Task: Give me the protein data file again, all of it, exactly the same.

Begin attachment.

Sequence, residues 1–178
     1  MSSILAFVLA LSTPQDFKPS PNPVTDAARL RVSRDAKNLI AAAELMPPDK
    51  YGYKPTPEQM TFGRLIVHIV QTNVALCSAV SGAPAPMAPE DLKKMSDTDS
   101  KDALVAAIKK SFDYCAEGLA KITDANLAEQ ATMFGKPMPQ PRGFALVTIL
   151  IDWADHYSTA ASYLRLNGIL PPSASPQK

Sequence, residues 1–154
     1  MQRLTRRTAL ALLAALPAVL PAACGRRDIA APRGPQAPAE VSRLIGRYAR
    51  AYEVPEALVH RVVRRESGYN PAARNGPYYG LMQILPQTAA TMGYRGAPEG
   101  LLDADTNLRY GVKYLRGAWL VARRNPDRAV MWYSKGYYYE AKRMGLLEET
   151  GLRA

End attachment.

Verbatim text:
Sequence, residues 1–178
     1  MSSILAFVLA LSTPQDFKPS PNPVTDAARL RVSRDAKNLI AAAELMPPDK
    51  YGYKPTPEQM TFGRLIVHIV QTNVALCSAV SGAPAPMAPE DLKKMSDTDS
   101  KDALVAAIKK SFDYCAEGLA KITDANLAEQ ATMFGKPMPQ PRGFALVTIL
   151  IDWADHYSTA ASYLRLNGIL PPSASPQK

Sequence, residues 1–154
     1  MQRLTRRTAL ALLAALPAVL PAACGRRDIA APRGPQAPAE VSRLIGRYAR
    51  AYEVPEALVH RVVRRESGYN PAARNGPYYG LMQILPQTAA TMGYRGAPEG
   101  LLDADTNLRY GVKYLRGAWL VARRNPDRAV MWYSKGYYYE AKRMGLLEET
   151  GLRA